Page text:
To further sweeten this scenario, Lawson arrived without costing Houston a major rotation piece in the trade and his addition didn’t require parting with last year’s starting point guard, Patrick Beverley. One could even make the case that the Lawson addition was a cleaner net positive for Houston than Aldridge was for San Antonio, given that the Spurs had to part with Splitter, Aron Baynes, and Cory Joseph—three guys who played 1,000+ minutes last season—so that they could fork over max money to Aldridge.
All of this sunniness, of course, depends entirely on Lawson’s ability to make progress on the off-court issues that made him available to Houston in the first place. Although he won’t need to be the face of the franchise, like Denver wanted him to be, Lawson will face real pressure to deliver given the Rockets’ success last year. If he settles in and makes the most of what he’s called a “fresh start,” Lawson could emerge as the biggest X-factor in the NBA. If things go south, it could get ugly, quickly. Perhaps that’s why both team and player seem to be proceeding cautiously as training camp opens.
Los Angeles Clippers
Do the Clippers finally have the bench they need to make a deep run?
It’s disorienting to mention “depth” in a write-up about the Clippers without the long-mandatory “total lack of” preface. As recently as L.A.’s first-round series against San Antonio, coach Doc Rivers was doing his best to stick to a seven-man rotation despite obvious signs of exhaustion from his stars. During the seven-game series, the Spurs’ bench nearly doubled the Clippers’ bench in scoring, 299–156, and L.A.’s leading reserve scorer, Jamal Crawford, shot a paltry 38.4%. Does L.A. collapse against Houston in the second round if Blake Griffin, Chris Paul, and J.J. Redick weren’t all stuck logging monster minutes throughout the postseason?
Kudos to Rivers for getting creative in reassembling his bench unit with limited flexibility this offseason. Honestly, he pulled out every trick in the book, scooping up a bought-out player on the cheap (Josh Smith), trading for a fallen “star” with some headaches (Lance Stephenson), calling on an old friend (Paul Pierce), re-signing his own flesh and blood (Austin Rivers), and making logical use of their minimum deals (Pablo Prigioni, Wesley Johnson, and Chuck Hayes).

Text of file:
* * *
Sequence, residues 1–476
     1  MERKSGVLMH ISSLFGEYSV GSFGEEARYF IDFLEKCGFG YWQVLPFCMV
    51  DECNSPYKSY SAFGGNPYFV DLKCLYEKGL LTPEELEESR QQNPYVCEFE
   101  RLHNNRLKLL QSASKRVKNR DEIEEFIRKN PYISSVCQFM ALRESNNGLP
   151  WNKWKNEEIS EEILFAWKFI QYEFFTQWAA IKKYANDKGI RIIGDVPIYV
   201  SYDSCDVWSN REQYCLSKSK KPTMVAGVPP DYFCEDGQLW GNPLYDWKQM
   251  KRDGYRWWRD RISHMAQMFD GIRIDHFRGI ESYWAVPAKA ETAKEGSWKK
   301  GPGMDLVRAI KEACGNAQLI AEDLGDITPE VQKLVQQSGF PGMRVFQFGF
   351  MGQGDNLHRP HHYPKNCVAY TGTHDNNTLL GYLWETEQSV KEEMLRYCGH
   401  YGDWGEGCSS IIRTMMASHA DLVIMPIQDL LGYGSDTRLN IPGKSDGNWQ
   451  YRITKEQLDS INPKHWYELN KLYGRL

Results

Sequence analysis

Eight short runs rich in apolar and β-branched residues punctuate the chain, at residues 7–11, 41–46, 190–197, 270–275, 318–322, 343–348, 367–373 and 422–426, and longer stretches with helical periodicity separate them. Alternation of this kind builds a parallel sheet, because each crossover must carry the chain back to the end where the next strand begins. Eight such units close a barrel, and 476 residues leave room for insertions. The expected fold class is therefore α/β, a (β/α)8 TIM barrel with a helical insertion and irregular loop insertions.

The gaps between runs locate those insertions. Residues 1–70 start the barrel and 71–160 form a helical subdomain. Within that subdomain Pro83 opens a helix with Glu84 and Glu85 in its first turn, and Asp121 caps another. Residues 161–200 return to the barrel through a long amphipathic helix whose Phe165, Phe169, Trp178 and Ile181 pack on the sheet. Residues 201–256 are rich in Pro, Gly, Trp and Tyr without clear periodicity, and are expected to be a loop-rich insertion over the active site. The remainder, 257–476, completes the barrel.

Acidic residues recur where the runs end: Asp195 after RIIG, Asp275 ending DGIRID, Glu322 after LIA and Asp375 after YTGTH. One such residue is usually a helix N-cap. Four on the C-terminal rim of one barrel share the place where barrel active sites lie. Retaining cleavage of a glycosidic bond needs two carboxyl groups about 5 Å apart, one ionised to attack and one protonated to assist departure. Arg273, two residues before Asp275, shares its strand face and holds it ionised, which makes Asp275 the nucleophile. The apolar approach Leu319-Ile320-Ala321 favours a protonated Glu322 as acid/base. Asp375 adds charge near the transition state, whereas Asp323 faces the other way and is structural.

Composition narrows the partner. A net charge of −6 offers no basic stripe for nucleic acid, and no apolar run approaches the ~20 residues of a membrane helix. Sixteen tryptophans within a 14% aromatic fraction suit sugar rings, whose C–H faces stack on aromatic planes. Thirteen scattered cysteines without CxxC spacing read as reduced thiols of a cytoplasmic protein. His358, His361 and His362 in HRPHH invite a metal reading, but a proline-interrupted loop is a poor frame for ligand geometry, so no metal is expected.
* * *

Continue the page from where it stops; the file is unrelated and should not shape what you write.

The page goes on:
To be clear, Rivers still has his work cut out when it comes to assembling his lineups. He hasn’t yet decided whether to start Pierce or Johnson in the small forward hole vacated by Matt Barnes, and trying to find a way to mix together Rivers, Crawford, Stephenson, and Smith on a second unit might very well require a PhD in Chemistry. It’s always better to have too many options, though, and the Clippers no longer look like a team that’s too thin to withstand the West’s grueling playoff bracket.
Los Angeles Lakers
Will Byron Scott coach for the present or the future?
Let’s cut to the chase with the Lakers: only their most delusional diehard fans are holding out hope for a playoff push. The top-end talent just isn’t there, there aren’t enough quality defensive pieces, and Kobe Bryant just isn’t as effective as he needs to be if he’s going to shoot 20 times a game. L.A.’s 2015–16 season should be geared around showcasing recent draft picks Julius Randle, D’Angelo Russell, Jordan Clarkson, and Larry Nance Jr. If you can’t win now, lay some real groundwork.
Nothing is ever quite that simple for the Lakers, who missed out on splashy signings this summer but did add multiple veterans in Roy Hibbert, Brandon Bass, and Lou Williams. Those additions should help the Lakers put a slightly more respectable product on the floor: all three are proven commodities, even if they aren’t A-listers. The danger here is that Scott, a key piece for multiple Lakers championship teams, chases the elusive flicker of short-term success at the expense of playing the long game. Bass might be more ready right now than Randle, but there’s no question who should be the higher priority. Russell might struggle to adapt to the NBA game, as many rookie point guards do, but he needs to have the space to make mistakes. He shouldn’t be pitted against Clarkson in a fight for minutes, either.
• MORE NBA: Bryant among top 10 comebacks
Given Bryant’s possible retirement next summer, the Lakers’ poor showing last season and the intense scrutiny that follows the franchise, Scott is surely feeling some hot-seat pressure. Self-preservation simply isn’t a good enough reason to restrict L.A.’s young core in any way. Last season, Scott played Bryant 34.5 minutes per night, a heavy load, and he’s made noises already about cutting down on Bryant’s time. That’s a promising start, assuming he follows through and delivers when Bryant inevitably pushes back.